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The EEOC requested in writing that ESI be produced as TIFFs with Concordance Load Files (strangely referenced as near-native) and spreadsheets/databases in native format. The Defendants agreed to the production formats. EEOC v. SVT, LLC, 2014 U.S. Dist. LEXIS 50114, 3-4 (N.D. Ind. Apr. 10, 2014).
The Defendant produced spreadsheets in TIFF format and employment applications as single-page, non-unitized PDF and TIFF format without a load file. SVT, LLC, at *4.
The Defendants claimed that they had produced their discovery “pursuant to industry standards.” SVT, LLC, at *4.
The EEOC took the very brilliant step of having their Litigation Support Manager explain by affidavit the issues with the Defendant’s production. The Litigation Support Manager explained that the static images of the spreadsheets were “unusable because they cannot be searched or manipulated for analysis.” SVT, LLC, at *4-5.
The Litigation Support Manager further explained how exporting the data from the Defendant’s Kronos system as spreadsheets was not unduly burdensome, as the application had the built-in functionality to run searches, reports and export the data. SVT, LLC, at *5-6.
The Litigation Support Manager further explained that the static images of policies, handbooks, and contracts were “bulk scanned” without any logical unitization or a load file. The production lacking any document breaks made the production unusable. SVT, LLC, at *5-6.
The Court explained that the EEOC could request the Defendants to produce in specific forms pursuant to Federal Rule of Civil Procedure Rule 34(b)(1)(C). In this case, TIFF’s and a load file for some ESI and native file for spreadsheets. SVT, LLC, at *8.
The Defendants produced the ESI without a load file. That did not happen.
The Court rejected the Defendants’ argument that the third-party cloud application used by the Defendant was outside of their “control.” The Court noted testimony from Defendant’s HR representatives on how they could generate reports in Excel from the application. SVT, LLC, at *9-11.
The Defendant did produce the spreadsheets as native files during the briefing of the motion. However, the Court granted the EEOC’s motion AND further ordered the parties to conduct an in-person meet and confer. All discussions over the production had been by written communications, without an in-person meeting. Given the disputes that came up, the Court went so far as saying the Litigation Support Manager was “uniquely qualified” to participate in a meet and confer with the opposing side. SVT, LLC, at *19-20.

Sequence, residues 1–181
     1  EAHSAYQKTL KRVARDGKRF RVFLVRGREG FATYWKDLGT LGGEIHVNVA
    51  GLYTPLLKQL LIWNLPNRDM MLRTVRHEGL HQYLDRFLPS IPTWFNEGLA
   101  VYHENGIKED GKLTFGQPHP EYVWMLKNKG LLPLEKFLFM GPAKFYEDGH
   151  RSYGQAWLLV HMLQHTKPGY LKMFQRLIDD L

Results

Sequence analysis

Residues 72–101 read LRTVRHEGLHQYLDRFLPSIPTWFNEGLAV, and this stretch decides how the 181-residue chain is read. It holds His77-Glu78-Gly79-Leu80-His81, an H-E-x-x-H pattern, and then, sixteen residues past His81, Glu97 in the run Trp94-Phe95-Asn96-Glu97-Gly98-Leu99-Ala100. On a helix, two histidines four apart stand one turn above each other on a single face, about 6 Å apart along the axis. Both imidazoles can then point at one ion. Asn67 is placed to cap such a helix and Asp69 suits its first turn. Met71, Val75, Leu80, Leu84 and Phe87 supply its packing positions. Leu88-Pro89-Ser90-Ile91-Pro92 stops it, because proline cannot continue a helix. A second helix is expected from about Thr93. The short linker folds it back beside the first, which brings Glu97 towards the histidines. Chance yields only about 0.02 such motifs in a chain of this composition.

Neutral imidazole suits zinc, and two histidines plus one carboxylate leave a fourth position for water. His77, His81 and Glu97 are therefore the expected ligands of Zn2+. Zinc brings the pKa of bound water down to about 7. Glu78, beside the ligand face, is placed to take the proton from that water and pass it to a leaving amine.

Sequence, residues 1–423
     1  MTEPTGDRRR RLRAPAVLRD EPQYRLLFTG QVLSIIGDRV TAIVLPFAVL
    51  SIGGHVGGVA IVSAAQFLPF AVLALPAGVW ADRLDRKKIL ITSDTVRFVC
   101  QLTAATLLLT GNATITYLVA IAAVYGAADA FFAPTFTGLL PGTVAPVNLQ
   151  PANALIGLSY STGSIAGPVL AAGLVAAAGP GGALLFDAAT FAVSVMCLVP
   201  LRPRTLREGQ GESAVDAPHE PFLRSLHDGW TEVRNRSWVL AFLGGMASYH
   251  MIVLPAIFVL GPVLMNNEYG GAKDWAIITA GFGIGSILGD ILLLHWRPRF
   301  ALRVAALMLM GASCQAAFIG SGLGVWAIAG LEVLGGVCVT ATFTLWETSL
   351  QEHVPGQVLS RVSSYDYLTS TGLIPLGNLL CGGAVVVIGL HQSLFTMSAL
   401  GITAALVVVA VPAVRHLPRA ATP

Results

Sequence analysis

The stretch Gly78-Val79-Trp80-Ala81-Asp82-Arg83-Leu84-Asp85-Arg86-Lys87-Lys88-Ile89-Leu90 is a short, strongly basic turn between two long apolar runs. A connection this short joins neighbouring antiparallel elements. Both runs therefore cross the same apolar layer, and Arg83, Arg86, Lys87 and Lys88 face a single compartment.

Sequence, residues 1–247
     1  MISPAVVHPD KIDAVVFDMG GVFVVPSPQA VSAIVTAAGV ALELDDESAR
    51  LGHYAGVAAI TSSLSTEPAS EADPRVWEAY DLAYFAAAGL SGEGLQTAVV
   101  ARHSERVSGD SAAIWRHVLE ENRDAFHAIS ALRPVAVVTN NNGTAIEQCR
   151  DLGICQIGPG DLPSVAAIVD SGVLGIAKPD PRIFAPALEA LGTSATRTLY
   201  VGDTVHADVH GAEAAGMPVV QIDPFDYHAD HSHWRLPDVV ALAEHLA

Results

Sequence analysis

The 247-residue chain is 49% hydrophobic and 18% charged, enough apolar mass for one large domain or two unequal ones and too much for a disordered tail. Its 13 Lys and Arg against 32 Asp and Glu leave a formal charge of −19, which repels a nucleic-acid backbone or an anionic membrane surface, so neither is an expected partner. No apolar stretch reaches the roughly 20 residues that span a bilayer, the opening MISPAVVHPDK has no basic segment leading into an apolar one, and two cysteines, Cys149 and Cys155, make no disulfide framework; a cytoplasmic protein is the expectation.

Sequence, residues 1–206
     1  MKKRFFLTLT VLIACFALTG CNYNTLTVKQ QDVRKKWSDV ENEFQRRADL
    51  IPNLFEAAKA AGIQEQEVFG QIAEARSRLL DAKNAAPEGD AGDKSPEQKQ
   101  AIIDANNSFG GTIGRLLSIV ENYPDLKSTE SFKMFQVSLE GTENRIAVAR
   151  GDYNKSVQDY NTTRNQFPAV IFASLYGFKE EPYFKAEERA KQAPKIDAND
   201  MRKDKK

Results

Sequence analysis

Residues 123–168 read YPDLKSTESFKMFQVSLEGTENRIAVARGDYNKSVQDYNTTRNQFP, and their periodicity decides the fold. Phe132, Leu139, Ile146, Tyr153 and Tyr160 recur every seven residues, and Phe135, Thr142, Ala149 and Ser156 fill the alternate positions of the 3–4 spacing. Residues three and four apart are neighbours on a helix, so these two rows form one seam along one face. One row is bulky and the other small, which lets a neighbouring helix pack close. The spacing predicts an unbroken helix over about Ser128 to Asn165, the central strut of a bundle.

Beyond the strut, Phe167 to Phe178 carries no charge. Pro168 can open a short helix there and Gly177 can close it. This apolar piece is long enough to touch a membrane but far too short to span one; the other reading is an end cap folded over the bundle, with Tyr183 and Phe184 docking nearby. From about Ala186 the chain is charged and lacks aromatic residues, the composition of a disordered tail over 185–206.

Bow Tie Thoughts
Reviewing Excel spreadsheets converted to non-searchable TIFFs is about as fun as looking at the sun with binoculars. Heck, if it happened to me, you would think I was hunting bear from the motion to compel I would write.
Battles over the form of production and Rule 26(f) conferences will not go away, even as we debate amending the proposed amendments to the Federal Rules of Civil Procedure.
Form of production disputes tend to happen because 1) the lawyers are simply fighting for the sake of fighting or 2) they do not know how to conduct eDiscovery. When both reasons occur at the same time, things can get very unpleasant.
The meet and confer can be a very effective time for the parties to come to an understanding about the tech issues in the case. This almost always requires having an eDiscovery attorney or litigation support professional at the meeting to help focus on the solutions to the technology issues.
The EEOC should be commended on having their Litigation Support Manager provide an affidavit that educated the Judge on the form of production and technology to review ESI. Such individuals are extremely important internally to successfully manage cases and can be mission critical in working with the other side.
About the Author
Joshua Gilliland, Esq., blogger for Bow Tie Law, one of the two attorney bloggers for The Legal Geeks, Litigation World columnist, and founder of Majority Opinion LLC. Mr. Gilliland is a California attorney and nationally recognized thought leader on electronic discovery with his blog “Bow Tie Law.” Josh has conducted over 350 Continuing Legal Education seminars on e-Discovery from Anchorage to St. Thomas.